Nick Card, of the University of the Highlands and Islands Archaeology Institute, is one of the speakers at this year’s Current Archaeology Live! conference and awards.
Scottish archaeology is marking a significant milestone today, Thursday, March 4, with the publication of the Five-Year Review of Scotland’s Archaeology Strategy.
Matt Ritchie, an archaeologist with Forestry and Land Scotland, outlines the development and production of the Into the Wildwoods (2020) and The First Foresters (2019) booklets followed by an question-and-answer session.
The University of the Highlands and Islands Archaeology Institute is looking for volunteers interested in a new project researching early trade in Orkney.
Time for another “student story” – this time from Fredrik Fongen, who relocated to Orkney, from Norway, to study at the University of the Highlands and Islands Archaeology Institute. Here he explains why…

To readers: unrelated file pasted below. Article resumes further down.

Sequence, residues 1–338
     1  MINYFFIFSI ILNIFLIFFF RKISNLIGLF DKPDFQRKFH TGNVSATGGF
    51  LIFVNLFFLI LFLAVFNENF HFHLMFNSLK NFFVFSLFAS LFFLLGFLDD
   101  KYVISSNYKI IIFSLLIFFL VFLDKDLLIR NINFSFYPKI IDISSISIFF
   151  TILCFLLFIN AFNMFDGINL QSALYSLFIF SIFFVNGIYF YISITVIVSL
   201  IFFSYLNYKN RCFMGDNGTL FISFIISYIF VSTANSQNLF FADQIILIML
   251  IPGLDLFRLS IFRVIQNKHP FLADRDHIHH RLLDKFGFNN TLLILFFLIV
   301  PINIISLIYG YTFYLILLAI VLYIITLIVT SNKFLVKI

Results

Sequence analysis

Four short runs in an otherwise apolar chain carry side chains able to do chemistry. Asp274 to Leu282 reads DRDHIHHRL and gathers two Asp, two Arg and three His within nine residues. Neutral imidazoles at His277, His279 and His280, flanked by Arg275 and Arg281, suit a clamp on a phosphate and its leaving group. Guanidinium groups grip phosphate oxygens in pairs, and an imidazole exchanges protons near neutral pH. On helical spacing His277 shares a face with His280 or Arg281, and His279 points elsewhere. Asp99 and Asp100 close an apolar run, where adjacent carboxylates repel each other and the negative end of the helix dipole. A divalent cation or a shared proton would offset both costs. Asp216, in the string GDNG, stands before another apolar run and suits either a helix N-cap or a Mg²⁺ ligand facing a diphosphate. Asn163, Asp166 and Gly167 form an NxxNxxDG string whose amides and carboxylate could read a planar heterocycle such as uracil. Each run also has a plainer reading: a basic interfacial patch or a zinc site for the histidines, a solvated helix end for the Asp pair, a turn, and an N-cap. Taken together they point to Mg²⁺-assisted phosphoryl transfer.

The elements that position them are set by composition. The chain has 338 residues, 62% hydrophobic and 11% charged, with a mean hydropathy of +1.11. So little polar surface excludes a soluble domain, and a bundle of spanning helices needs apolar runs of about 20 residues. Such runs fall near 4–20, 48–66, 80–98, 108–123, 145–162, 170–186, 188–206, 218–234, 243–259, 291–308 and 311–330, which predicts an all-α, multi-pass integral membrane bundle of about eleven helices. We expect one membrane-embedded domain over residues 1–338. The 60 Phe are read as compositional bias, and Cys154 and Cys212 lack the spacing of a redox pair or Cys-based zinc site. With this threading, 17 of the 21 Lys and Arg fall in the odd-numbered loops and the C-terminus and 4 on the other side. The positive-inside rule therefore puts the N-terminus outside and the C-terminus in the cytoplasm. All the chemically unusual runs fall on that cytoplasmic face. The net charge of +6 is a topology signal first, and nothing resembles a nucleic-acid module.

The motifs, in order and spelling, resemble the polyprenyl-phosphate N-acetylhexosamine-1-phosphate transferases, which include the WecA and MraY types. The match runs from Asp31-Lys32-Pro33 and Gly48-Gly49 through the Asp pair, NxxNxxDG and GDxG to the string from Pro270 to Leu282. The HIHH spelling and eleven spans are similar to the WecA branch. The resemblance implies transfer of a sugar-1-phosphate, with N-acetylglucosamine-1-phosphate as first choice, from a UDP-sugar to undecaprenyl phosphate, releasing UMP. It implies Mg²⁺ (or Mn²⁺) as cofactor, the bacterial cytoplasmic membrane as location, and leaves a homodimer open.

Professor Colin Richards, of the University of the Highlands and Islands Archaeology Institute, is co-author of a new paper proposing that a stone circle in Wales was the source of the first megaliths erected at the site of Stonehenge.
The Bay of Skaill is renowned for the coastal erosion that plagues it and which, in early January, led to the discovery of a large incised rock on the shoreline.
Drawing on historical and archaeological evidence, Darroch demonstrates how his research has attempted to integrate the distilling of whisky into the archaeology of the region and how the historical archaeology of distilling fits into an expanding understanding of rural commercial practice.
Less than two months since its launch, the third volume in the University of the Highlands and Islands Archaeology Institute research series has almost sold out.
The University of the Highlands and Islands Archaeology Institute is part of a new Orkney community project to produce a series of podcasts celebrating the heritage of the island of Hoy.